“Day In, Day Out”
cm 15×20 (plate size) cm 22×32 (paper size)
Printed at PigPrints in July 2015 on acid-free archival Laurier paper 300 gsm
Edition of 50 signed and numbered by the artist
£100 plus shipping – please email me at email@example.com and I will contact you to arrange payment and delivery.
Rob Miles, student at the Royal College of Art in London, was the winner of our 1st International Drawing & Etching Student Prize 2015. His drawing “Day In, Day Out” is now an etching, printed by Pigprints in a 50 copies edition.
This drawing comes from a series of works I have been making of double images.
I am interested in the challenge of drawing something twice, so that it is the same, but different, and how this affects the way we look at a picture.
For this drawing, I have looked at the domestic, regularly used objects in the kitchen – cutlery. They are taken out and put back in the tray everyday – there is an order and routine that is parallel to our own every day – the same things, but always slightly different.
This forces me to really look at what I am drawing, as the actual detail is very different, even though the general composition is the same.
About Rob Miles (a conversation with the artist – June 2015)
Can you tell us something about yourself, who you are, where you grew up and how come you have decided to enroll at an art college (and the RAC particularly)
I was born in London in 1987. I grew up in Brighton, on the south coast of England, and now I’m living in London. I am an artist and musician – I make pictures and I write and perform songs.
I wasn’t sure about art college, so when I finished school I moved to the countryside and worked on a farm for two years. I spent a lot of time drawing, making collages, and building instruments. I played drums with a band called The Shoestrung – and when my band members had also finished school we moved up to London to play shows and try and make a record. I found life in the band too restrictive and left to travel the UK and Europe. I made many drawings on these trips and decided it was time to see if I could make more of this interest, and so I applied to art college to do a BA in Print and Time Based Media at Wimbledon College of Art. Here I experimented with moving image and performance, and studied art history and theory, but it was printmaking which I became very excited by, as a way to combine my ideas and my drawings, so I decided to continue my studies with more focus at The Royal College of Art, a course which I am just finishing now. I have been trying lots of different processes, seeing how my drawings can work with different mediums, and been very excited about the potential of lithography.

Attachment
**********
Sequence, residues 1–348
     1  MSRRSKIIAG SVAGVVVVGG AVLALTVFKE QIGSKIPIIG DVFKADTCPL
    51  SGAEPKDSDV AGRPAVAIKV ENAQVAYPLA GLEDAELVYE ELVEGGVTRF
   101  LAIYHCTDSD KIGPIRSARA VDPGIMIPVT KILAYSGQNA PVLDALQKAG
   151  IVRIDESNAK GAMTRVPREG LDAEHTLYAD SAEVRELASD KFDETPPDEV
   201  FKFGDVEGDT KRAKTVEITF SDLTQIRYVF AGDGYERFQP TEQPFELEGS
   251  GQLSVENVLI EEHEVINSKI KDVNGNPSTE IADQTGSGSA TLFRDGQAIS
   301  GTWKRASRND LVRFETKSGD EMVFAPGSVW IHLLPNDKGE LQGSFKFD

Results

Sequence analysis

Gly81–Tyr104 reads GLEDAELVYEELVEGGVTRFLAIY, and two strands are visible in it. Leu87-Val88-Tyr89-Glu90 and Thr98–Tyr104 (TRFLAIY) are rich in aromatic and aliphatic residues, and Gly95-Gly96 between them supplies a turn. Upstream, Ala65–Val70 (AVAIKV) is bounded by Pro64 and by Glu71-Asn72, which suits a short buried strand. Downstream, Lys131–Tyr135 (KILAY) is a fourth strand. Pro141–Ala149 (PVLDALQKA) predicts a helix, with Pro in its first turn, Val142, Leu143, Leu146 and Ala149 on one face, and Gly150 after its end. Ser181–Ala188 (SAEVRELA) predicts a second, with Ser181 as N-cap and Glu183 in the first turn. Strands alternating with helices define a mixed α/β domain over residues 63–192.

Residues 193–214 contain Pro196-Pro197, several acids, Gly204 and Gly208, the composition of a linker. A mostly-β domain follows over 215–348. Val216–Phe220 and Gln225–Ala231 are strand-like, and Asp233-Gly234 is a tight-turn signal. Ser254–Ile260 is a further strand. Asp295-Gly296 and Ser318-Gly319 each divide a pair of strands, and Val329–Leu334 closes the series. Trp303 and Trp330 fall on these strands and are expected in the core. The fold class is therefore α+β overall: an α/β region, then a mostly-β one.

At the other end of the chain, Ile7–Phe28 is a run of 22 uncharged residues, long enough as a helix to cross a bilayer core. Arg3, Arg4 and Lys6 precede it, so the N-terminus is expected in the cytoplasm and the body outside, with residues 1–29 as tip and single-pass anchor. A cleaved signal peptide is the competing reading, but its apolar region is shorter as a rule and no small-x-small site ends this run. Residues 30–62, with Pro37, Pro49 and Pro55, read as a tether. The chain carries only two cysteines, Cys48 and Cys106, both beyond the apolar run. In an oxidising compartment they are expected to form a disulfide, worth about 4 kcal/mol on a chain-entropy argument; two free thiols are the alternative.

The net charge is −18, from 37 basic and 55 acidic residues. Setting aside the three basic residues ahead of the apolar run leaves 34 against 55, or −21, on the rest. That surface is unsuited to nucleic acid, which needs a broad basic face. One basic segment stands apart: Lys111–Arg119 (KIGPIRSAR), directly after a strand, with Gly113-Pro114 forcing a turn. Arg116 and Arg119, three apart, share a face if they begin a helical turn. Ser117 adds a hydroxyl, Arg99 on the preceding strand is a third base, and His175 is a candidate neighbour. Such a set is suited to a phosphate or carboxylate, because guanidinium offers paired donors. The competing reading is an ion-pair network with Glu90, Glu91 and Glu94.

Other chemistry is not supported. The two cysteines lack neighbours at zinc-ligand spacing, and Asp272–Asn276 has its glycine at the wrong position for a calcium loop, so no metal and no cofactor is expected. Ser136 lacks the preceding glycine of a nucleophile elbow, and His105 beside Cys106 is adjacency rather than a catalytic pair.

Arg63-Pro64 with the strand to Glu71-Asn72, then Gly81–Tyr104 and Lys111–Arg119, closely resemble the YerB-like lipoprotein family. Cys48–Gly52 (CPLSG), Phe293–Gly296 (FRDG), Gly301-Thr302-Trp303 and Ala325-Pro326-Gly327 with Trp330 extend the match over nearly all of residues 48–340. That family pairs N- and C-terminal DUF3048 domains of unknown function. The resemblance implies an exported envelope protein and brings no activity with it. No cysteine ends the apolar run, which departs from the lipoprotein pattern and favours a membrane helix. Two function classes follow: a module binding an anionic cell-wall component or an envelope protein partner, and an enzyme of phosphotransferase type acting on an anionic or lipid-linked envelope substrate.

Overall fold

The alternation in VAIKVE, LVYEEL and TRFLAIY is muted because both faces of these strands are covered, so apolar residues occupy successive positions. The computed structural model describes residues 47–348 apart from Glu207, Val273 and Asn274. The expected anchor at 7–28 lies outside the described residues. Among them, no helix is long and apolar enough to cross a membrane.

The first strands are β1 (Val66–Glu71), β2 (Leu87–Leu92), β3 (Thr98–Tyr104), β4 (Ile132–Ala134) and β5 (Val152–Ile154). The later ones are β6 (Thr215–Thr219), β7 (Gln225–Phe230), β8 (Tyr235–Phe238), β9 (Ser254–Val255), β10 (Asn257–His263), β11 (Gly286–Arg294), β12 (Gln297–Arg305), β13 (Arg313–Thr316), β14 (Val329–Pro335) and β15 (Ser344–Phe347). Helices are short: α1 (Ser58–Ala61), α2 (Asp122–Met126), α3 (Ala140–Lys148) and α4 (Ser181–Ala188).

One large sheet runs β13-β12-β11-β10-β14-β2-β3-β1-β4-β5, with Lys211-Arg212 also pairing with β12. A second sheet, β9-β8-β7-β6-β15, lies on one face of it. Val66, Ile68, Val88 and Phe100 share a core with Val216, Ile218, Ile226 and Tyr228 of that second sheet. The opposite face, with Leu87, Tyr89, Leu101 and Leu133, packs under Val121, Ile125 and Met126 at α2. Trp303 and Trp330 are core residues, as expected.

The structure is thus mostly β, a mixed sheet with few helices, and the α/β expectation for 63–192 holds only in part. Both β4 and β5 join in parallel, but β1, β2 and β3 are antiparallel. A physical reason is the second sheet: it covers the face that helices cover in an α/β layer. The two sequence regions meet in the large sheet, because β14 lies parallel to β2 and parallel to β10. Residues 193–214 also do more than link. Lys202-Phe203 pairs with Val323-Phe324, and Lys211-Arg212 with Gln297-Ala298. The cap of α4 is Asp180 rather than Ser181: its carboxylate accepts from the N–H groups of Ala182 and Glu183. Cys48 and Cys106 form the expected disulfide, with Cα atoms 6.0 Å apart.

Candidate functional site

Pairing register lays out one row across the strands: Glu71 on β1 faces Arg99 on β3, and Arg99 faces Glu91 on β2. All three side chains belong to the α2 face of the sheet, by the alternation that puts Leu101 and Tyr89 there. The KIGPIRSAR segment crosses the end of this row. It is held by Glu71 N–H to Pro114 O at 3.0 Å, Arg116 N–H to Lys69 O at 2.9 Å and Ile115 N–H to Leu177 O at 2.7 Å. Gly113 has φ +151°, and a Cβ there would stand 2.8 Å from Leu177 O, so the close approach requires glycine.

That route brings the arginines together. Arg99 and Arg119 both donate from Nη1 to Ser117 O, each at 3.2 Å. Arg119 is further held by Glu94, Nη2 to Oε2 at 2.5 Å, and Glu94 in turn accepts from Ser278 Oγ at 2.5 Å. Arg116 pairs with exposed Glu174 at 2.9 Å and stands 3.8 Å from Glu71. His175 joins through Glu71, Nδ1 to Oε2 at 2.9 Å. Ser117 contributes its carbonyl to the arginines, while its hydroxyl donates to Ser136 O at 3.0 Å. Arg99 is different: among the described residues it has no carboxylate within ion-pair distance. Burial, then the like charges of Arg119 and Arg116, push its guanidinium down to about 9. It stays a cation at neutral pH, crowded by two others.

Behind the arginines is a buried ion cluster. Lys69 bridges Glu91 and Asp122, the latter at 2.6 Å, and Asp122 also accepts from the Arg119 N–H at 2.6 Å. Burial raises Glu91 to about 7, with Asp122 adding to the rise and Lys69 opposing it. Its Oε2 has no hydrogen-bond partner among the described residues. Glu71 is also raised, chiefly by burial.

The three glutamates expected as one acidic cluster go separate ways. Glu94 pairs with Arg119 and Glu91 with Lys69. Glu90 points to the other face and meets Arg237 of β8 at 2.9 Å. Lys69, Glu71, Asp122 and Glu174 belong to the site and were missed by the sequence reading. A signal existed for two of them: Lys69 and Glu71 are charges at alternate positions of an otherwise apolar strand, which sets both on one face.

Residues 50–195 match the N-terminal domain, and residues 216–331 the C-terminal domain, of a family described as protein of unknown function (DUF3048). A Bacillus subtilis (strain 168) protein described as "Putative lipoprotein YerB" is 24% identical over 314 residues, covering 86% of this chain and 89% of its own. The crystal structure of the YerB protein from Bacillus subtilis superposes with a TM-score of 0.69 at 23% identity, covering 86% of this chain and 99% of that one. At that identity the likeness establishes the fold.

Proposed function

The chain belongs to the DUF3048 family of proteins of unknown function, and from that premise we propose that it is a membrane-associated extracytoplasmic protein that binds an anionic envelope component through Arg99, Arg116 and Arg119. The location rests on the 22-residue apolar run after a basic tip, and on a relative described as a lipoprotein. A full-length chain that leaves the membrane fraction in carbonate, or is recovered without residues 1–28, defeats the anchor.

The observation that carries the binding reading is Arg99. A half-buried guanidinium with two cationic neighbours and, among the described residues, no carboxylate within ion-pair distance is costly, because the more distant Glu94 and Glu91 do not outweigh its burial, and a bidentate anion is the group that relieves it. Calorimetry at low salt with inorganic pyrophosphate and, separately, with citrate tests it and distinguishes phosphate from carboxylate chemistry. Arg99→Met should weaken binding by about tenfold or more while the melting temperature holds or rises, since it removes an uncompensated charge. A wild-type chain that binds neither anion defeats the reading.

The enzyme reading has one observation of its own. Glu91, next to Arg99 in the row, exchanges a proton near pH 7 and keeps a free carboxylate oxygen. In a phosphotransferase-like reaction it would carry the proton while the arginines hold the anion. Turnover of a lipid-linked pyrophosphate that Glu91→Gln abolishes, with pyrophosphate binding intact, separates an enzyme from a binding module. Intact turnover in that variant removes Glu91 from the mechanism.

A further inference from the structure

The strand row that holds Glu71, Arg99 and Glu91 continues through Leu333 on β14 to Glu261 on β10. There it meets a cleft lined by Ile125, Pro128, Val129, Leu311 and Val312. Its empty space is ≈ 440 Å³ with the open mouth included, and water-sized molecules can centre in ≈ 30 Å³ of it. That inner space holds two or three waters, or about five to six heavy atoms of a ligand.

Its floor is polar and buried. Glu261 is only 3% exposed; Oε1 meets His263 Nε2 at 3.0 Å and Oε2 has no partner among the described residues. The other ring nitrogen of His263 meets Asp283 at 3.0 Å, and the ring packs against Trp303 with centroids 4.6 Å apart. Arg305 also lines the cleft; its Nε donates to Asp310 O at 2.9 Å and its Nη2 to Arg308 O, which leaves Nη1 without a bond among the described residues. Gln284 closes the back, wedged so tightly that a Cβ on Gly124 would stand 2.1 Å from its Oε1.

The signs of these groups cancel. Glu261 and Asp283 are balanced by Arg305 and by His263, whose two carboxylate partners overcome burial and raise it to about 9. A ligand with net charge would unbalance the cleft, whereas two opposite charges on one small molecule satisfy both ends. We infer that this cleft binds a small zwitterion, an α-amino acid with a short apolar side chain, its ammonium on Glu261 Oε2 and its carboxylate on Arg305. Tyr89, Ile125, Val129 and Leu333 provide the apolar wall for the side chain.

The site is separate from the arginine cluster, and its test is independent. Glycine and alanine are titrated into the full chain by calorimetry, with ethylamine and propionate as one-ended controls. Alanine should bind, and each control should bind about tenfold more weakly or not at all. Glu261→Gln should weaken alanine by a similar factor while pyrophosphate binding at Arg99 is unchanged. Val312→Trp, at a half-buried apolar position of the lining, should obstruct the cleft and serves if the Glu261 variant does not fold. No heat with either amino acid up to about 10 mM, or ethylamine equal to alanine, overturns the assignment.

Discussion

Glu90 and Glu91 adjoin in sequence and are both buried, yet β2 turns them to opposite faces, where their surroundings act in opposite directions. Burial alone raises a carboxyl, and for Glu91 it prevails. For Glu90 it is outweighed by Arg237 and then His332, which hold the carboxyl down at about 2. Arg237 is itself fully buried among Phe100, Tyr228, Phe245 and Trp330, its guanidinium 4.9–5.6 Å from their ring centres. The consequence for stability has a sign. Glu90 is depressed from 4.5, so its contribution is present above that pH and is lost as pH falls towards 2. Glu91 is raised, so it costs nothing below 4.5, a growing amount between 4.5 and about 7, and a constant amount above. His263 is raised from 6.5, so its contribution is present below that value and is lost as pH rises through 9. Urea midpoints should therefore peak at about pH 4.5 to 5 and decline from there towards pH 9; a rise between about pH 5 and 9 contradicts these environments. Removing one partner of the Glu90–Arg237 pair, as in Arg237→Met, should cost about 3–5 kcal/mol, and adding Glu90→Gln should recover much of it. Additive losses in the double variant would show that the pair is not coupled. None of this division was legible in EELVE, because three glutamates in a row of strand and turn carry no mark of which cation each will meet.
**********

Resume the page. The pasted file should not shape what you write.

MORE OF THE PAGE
How did you hear about this student competition?
I heard about this competition by an email sent through the college network, and was excited to apply – I had some drawings which I wanted to do more with, and was wanting to do more etching, but my time was taken up trying to understand lithography! So this seemed like a great opportunity.
Can you tell us something more about your winning drawing and how this series originated. Was there any other project, from other artists for example, that inspired it?
I’ve been working with the idea of doubles in drawing for a while – partly as a challenge (especially with portraits) and partly because there is something about seeing two of the same image, or almost the same, that I find very interesting.